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The research of Chambliss distinguishes between the reception of both the saints and the roughnecks in the society due to three factors which include Visibility, Demeanor, and Bias. For instance, the Roughnecks meddle in fights at public spaces and do not maintain good relations with their teachers, whereas the saints, always fight or play around near the poolside, where no one can see them. Similarly, the saints maintain a good social reputation and law i.e. police officials speak highly of them. The biases formed against the roughnecks are due to their low socioeconomic status (Chambllis, 1973). Moreover, it is a common perception that the poor class is more involved in crime, theft, liquor, and drudgery because of the lack of resources.
In society, social orders or norms act as strict codes that everyone has to follow otherwise, they will be labeled as good or bad (Social Norms and Deviant Behavior (Practice) Khan Academy). The deviant behavior of a person varies from society to society or even in class differences. For instance, sex and liquor are not prohibited in the high socioeconomic class because it is a common perception that they occasionally indulge in it. Whereas, the labels of a drunkard or alcoholic are more likely to be associated with a poor person because of his low socioeconomic status.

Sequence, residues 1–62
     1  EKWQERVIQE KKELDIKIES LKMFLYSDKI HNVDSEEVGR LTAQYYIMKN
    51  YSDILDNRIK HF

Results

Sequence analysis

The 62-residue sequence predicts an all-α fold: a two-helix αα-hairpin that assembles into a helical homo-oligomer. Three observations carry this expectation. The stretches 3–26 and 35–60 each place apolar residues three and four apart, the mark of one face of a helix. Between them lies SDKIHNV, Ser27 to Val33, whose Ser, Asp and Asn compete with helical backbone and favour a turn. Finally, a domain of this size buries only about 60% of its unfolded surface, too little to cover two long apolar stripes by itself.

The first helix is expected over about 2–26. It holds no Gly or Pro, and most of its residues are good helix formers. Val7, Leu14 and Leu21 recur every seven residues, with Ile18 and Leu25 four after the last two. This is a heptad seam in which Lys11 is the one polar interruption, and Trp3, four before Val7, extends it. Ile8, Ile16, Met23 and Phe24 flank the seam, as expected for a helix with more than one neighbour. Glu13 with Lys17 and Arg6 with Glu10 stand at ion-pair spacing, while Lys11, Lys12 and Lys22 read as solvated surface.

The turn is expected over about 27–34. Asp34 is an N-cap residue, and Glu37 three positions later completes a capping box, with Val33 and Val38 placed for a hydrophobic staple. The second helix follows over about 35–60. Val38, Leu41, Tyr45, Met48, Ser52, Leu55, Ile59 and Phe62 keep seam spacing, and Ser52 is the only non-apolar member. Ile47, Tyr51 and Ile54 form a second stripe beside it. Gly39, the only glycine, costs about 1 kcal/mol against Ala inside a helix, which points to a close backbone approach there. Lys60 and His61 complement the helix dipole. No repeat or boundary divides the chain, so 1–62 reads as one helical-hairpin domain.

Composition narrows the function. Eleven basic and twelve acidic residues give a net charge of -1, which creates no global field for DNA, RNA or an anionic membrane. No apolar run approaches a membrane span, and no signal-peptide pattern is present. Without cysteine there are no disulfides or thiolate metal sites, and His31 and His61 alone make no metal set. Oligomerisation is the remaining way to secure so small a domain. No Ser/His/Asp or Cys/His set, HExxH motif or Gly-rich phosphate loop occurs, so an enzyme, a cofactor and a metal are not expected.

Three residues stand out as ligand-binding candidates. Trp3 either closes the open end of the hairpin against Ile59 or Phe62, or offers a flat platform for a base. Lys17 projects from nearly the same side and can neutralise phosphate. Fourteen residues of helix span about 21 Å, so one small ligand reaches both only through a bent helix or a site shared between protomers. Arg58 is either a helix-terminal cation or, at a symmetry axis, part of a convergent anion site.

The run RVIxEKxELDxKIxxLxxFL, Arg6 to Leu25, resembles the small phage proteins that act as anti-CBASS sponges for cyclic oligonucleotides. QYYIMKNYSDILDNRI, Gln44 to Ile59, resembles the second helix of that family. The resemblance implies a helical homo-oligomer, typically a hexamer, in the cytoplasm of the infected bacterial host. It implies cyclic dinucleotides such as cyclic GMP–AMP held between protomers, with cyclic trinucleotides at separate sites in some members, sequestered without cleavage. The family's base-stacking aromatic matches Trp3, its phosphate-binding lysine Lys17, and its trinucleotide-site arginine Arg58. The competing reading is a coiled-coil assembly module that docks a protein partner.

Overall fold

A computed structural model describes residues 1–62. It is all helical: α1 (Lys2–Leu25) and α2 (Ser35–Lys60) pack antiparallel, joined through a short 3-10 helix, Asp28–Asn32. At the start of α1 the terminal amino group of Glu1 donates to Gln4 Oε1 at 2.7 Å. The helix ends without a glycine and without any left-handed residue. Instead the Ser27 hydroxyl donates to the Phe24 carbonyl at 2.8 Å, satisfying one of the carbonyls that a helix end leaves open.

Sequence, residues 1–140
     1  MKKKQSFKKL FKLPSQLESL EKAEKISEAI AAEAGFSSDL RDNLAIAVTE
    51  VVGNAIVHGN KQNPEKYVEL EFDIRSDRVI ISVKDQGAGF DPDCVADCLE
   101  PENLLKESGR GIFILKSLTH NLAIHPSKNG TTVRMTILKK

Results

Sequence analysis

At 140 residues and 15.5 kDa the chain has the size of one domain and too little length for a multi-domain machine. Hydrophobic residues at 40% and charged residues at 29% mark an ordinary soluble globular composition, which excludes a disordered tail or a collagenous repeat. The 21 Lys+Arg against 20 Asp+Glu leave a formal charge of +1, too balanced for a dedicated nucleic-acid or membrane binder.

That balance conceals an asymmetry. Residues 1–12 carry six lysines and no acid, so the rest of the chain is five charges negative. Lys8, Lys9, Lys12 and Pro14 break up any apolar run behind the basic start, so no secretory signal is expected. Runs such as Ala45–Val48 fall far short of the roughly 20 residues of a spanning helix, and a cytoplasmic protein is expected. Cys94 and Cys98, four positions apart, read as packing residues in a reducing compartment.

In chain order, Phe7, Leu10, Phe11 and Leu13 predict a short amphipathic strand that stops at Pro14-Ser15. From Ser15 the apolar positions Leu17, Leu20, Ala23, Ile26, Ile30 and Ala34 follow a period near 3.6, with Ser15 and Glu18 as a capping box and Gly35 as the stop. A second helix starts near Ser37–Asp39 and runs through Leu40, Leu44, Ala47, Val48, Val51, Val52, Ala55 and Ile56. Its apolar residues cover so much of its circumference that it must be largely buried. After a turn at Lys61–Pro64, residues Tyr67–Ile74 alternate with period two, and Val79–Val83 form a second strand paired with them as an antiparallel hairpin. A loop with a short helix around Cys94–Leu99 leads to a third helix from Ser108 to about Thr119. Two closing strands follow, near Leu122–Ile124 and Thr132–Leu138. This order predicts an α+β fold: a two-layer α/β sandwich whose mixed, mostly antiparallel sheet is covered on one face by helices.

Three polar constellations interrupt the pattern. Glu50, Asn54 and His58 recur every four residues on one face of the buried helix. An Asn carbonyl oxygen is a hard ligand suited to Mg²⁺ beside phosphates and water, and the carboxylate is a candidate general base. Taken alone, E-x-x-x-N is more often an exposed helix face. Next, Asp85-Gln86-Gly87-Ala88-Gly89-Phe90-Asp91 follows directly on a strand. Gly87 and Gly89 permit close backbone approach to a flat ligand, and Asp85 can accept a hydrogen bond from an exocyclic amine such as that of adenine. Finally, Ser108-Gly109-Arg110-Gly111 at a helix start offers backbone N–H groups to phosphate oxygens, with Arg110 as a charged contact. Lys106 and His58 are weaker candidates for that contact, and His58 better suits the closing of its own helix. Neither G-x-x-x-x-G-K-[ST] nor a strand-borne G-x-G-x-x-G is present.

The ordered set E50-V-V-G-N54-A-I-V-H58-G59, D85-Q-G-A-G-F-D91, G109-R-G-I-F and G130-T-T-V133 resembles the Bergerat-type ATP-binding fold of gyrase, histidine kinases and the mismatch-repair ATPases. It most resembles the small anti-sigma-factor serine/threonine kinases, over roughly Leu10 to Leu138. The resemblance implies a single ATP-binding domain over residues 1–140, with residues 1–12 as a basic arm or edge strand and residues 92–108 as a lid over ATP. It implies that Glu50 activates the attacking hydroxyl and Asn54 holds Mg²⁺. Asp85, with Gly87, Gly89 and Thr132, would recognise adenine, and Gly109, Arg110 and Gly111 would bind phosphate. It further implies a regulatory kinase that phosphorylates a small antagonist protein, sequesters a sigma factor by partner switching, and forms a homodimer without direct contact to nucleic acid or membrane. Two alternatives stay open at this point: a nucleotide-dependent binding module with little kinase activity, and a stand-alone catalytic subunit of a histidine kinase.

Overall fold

Labeling affects the deviant behavior to a great extent because when society label people based on their deviant or non-deviant behavior, it serves as a motivation for the person to succumb to that very label. For instance, the saints are considered good or a saint-like because they maintain a high social class profile and are labeled according to primary deviance. On the contrary, the roughnecks are labeled as roughnecks according to secondary deviant (7.6C: Labeling Theory - Social Sci LibreTexts). In the light of the above instances and norm practices, a label thus controls a person's perception of his identity.
Chambliss, William J. “The Saints and the Roughnecks.” Society 11, no. 1 (November 1973): 24–31. https://doi.org/10.1007/BF03181016.
“7.6C: Labeling Theory - Social Sci LibreTexts.” Accessed November 5, 2019. https://socialsci.libretexts.org/Bookshelves/Sociology/Book%3A_Sociology_(Boundless)/7%3A_Deviance%2C_Social_Control%2C_and_Crime/7.6%3A_The_Symbolic-Interactionalist_Perspective_on_Deviance/7.6C%3A_Labeling_Theory.
“Social Norms and Deviant Behavior (Practice) | Khan Academy.” Accessed November 5, 2019. https://www.khanacademy.org/test-prep/mcat/social-sciences-practice/social-science-practice-tut/e/social-structures---passage-2.
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